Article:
Amazon offered Lady Gaga’s new album for $1 yesterday in an apparent bid to challenge Apple’s dominant digital music business with its Cloud Drive and Cloud Player services, but technical glitches may see the strategy backfire.
The deeply discounted offer — the same album in Apple’s iTunes store is $12 — triggered such intense interest from Gaga fans that Amazon’s servers reportedly staggered under the load, with many customers complaining of delayed or partial downloads.
In a Tweet, Amazon promised that all orders would eventually be fulfilled, but if the point of the sale was to impress impress customers with the new cloud services, the company may be disappointed. Though hardly the end of the world for Amazon’s fledgling streaming service, the snafu will make Apple’s user friendly iTunes store look even better by comparison.
Trying to compete on price with Apple may in any case be a fundamentally flawed strategy. The company has a long history of offering premium products that justify their being more expensive than competitors.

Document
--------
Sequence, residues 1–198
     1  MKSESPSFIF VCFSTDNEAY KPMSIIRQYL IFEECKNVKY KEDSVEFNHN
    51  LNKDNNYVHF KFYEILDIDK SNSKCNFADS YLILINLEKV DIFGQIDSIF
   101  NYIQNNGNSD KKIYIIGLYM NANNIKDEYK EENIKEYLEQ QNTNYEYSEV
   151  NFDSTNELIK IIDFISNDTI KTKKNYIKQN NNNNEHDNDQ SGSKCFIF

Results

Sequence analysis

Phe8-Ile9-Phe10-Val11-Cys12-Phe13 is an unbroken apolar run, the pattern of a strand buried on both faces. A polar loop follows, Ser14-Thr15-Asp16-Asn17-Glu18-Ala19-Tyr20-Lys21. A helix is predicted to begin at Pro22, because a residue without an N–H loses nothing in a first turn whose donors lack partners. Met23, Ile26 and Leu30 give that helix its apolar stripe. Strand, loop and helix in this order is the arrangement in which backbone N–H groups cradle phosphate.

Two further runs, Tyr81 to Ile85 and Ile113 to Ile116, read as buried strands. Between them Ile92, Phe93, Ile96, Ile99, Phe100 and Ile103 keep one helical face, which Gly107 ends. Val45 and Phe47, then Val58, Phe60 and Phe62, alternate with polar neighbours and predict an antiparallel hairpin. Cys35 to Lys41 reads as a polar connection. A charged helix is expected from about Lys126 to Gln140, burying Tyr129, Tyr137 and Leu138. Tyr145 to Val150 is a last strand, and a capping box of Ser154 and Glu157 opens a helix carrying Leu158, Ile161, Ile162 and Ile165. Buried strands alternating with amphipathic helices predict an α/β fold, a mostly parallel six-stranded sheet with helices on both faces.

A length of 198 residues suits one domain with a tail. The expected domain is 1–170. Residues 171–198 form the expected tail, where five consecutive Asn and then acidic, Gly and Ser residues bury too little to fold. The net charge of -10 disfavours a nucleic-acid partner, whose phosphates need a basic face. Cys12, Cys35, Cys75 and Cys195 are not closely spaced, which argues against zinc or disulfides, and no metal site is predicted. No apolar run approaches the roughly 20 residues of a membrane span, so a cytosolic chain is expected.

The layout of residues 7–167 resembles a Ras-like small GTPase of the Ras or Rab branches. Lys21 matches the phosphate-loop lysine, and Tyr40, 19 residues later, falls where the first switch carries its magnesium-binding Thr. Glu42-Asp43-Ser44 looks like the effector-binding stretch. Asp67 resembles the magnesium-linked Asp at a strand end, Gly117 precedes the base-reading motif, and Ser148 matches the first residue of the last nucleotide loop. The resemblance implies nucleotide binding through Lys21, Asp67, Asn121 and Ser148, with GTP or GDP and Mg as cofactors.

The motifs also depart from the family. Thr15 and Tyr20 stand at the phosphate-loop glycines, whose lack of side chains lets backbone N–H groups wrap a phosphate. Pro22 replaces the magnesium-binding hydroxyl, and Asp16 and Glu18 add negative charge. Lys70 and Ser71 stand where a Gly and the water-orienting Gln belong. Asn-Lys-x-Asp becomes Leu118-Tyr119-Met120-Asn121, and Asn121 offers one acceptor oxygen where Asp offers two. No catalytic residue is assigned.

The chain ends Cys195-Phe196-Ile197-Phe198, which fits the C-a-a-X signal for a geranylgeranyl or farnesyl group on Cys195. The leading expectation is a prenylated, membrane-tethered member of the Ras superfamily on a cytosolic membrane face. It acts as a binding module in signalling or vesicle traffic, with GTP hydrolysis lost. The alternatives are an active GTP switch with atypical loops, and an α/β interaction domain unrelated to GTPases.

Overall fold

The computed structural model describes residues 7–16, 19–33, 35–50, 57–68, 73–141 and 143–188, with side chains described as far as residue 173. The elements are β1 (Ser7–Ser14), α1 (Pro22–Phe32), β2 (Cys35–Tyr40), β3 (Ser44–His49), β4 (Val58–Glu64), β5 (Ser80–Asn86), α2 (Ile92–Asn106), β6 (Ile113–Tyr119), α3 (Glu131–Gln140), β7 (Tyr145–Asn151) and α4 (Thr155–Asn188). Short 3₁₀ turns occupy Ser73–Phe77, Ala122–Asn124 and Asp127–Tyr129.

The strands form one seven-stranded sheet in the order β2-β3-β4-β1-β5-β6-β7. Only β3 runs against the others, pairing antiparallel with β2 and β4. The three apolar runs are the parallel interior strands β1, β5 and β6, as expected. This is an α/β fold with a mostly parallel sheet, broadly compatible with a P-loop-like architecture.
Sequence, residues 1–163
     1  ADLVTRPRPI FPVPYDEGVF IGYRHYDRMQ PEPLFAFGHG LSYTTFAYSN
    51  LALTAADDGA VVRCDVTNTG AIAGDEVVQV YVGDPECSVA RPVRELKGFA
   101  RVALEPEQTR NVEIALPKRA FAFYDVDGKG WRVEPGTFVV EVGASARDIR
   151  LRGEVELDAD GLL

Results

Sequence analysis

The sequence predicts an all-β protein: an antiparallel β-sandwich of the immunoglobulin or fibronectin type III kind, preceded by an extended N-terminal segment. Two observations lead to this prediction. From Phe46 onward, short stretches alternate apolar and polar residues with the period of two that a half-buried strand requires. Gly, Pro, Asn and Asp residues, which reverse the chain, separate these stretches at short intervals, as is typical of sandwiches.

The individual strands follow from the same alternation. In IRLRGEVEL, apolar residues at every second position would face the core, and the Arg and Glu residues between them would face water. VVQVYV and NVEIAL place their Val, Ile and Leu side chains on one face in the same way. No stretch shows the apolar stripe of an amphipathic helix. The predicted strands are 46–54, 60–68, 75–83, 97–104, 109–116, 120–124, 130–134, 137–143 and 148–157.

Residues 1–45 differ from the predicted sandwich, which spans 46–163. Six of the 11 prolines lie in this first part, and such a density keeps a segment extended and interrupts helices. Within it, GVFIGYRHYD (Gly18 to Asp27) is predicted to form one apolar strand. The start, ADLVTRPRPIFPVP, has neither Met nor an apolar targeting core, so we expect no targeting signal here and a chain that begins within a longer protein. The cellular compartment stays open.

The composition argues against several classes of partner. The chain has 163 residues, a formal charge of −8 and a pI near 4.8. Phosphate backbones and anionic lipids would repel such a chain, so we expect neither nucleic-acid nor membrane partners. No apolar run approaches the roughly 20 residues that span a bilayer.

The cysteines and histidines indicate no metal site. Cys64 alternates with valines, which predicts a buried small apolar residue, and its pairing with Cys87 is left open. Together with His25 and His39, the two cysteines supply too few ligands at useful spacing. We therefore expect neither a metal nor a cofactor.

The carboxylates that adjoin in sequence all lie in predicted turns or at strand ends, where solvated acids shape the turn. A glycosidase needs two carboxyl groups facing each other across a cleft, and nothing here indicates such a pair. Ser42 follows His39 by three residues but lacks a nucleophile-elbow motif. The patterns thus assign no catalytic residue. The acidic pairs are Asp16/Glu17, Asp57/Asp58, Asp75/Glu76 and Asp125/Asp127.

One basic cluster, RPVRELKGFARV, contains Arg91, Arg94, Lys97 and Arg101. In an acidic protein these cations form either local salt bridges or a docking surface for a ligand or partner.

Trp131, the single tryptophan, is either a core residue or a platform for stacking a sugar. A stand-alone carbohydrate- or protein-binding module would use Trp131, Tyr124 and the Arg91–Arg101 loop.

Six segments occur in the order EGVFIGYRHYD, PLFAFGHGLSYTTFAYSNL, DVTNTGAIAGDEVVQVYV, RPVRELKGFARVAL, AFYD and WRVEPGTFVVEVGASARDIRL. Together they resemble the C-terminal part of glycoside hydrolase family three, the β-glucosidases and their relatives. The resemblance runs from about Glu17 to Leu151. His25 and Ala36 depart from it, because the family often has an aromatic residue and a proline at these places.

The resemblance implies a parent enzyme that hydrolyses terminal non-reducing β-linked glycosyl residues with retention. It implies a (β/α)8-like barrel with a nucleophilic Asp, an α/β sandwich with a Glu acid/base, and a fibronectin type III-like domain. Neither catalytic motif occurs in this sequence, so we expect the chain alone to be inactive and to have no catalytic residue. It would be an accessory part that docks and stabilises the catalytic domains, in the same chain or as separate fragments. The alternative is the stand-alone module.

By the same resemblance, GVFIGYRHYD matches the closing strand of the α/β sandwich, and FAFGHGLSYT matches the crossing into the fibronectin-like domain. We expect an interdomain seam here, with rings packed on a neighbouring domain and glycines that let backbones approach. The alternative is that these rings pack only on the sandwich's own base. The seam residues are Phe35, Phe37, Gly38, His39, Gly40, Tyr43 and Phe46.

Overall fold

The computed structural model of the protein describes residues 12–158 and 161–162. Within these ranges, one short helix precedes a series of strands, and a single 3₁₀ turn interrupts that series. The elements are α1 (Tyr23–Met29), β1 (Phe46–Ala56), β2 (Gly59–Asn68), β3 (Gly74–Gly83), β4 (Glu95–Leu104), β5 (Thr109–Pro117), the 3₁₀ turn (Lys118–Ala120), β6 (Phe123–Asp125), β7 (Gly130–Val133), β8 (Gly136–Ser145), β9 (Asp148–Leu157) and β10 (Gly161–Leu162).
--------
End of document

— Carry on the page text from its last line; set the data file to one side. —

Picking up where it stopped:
Amazon has also set out on the dubious path of selling music while alienating the music industry. Apple, in preparation for its own streaming service, has reportedly struck deals with three major labels to stream music to users who already own copies of the songs without their needing to upload the tracks first. Amazon, on the other hand, launched its streaming service without the record labels’ blessing.
Amazon contends it doesn’t need to pay anything for customers to stream their own music. But this approach means users must laboriously upload their own songs — and pay for more server space if needed — before being able to stream it. The only exception is music bought from Amazon, which can be streamed immediately.
Apple reportedly controls about 90 percent of the digital music market. Despite being the first major online music seller to offer tracks without cumbersome copy protection, Amazon has had little luck in breaking Apple’s domination of the industry. The way it’s approaching its cloud music services suggests why.